The government talks a good decentralisation game and, no doubt, there are some good things happening. However, we need more coherence across this field of policy.
There are 'easy hits' that the government is missing. By easy hits, I mean policies that could dramatically increase economic efficiency and competition but which arise from relatively small changes to government policy that would come in under the radar. One such easy hit would be to give the Office of Fair Trading a remit in public services. That would be a simple measure by the government that could lead to some profound consequences. Instead, the government intends to roll the OFT into the Competition Commission to create a monopoly of competition bodies.
A different field is the freedom to set terms and conditions of employment at local level for any public sector organisation that holds its own budget (specifically, schools and hospitals). This could have profound consequences and relates directly to TaxPayers' Alliance research published this week. The TPA found, firstly, that there was huge variation in the per-pupil budgets for schools even before the government's pupil premium is introduced. It appears that the pupil premium will be an additional budget to help schools with poor children. This runs counter to David Law's sensible suggestion in Economic Affairs in 2008 that the pupil premium would be an explicit way of providing school funding for certain groups which would be a replacement for all the opaque funding mechanisms that we have at the moment. Currently, some schools in inner-London already have more than twice the budgets that, for example, schools in some areas of Merseyside have. Thus the pupil premium simply adds complexity to a complex situation when it could be used as the only additional funding mechanism as we scythed through existing bureaucracy.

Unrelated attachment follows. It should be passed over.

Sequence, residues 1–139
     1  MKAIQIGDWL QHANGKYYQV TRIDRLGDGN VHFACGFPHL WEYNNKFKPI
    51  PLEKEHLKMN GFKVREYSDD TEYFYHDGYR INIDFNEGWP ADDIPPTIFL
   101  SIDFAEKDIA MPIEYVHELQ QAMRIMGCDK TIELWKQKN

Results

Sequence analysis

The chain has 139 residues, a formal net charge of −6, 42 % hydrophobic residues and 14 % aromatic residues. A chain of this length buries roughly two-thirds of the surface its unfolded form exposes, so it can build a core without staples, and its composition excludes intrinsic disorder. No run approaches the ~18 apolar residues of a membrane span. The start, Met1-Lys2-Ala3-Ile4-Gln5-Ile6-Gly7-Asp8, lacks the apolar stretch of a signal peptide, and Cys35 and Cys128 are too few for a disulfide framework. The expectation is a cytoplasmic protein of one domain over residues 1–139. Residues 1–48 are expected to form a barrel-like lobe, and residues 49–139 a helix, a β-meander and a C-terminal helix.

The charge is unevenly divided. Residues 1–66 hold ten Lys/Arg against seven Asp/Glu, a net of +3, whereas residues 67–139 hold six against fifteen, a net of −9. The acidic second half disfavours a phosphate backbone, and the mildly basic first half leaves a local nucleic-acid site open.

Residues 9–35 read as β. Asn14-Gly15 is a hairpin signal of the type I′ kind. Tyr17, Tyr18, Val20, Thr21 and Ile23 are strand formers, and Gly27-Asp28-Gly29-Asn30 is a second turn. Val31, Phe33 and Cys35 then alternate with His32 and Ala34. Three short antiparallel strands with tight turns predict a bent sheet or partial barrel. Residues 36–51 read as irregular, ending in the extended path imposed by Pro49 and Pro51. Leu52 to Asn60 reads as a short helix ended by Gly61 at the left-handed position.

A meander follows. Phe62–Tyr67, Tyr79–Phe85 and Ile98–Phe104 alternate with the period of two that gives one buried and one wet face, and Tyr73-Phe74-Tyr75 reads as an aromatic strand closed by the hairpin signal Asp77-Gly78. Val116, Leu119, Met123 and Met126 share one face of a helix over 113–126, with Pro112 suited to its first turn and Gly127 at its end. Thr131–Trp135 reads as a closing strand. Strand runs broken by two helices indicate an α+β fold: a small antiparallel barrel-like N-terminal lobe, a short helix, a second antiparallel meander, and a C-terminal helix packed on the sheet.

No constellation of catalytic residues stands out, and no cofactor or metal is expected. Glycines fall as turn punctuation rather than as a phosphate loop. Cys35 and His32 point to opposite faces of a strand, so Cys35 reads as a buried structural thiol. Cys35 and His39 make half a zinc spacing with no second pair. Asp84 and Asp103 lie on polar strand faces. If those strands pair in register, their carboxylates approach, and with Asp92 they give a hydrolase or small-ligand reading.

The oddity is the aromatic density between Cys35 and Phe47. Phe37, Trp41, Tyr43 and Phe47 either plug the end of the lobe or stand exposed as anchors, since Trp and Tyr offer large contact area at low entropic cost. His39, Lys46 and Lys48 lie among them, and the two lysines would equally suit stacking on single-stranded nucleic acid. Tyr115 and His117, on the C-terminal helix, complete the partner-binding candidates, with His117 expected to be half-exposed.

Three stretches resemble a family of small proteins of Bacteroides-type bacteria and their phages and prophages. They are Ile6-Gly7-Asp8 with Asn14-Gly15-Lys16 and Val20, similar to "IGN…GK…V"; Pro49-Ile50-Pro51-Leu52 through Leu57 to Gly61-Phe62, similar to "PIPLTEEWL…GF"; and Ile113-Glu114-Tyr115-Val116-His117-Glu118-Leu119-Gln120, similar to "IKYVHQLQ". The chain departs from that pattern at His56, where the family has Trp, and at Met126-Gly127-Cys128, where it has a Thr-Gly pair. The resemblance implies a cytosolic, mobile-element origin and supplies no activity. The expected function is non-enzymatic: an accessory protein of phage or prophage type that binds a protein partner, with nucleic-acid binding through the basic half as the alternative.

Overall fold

The TPA also found that schools with the most difficult pupils had the most supply teachers. At first sight, this might be obvious - recruitment and retention is bound to be harder in such environments. But given the huge funding advantage that schools with difficult pupils have (even before the pupil premium) this should be reflected in the terms and conditions of employment that teachers in such schools are given. Schools in tough areas have the money to employ the right people to do the job. Unfortunately, they do not have the freedom to vary conditions of employment to recruit and retain the right sort of people.
Other research has suggested that the absence of regional labour markets within the NHS is literally killing patients. In the north east, for example, employees will be paid above the market rates and there will be fewer nurses etc than there otherwise could be. In London, on the other hand, there are constant staff vacancies that are filled by agency workers at great expense and with a loss of continuity and loyalty that might well be important. Overall, resources are being allocated extremely inefficiently.
As it happens, it appears that free schools and academies can set their own terms and conditions of employment (though I am not sure how much real freedom they have). It was interesting, though, that, when Michael Gove suggested that cooperatives should be set up in the public sector, he was insisting that they would have to accept national terms and conditions of employment.
This is a problem that has a relatively simple solution. Foundation Hospitals and schools should have freedom with regard to terms and conditions of employment. Like many universities, they may not use that freedom very well at first but this, combined with competition from free schools and NHS reform, could be an important hole in the dam of centralised manpower planning which, as the TPA shows, is damaging those who need the most help.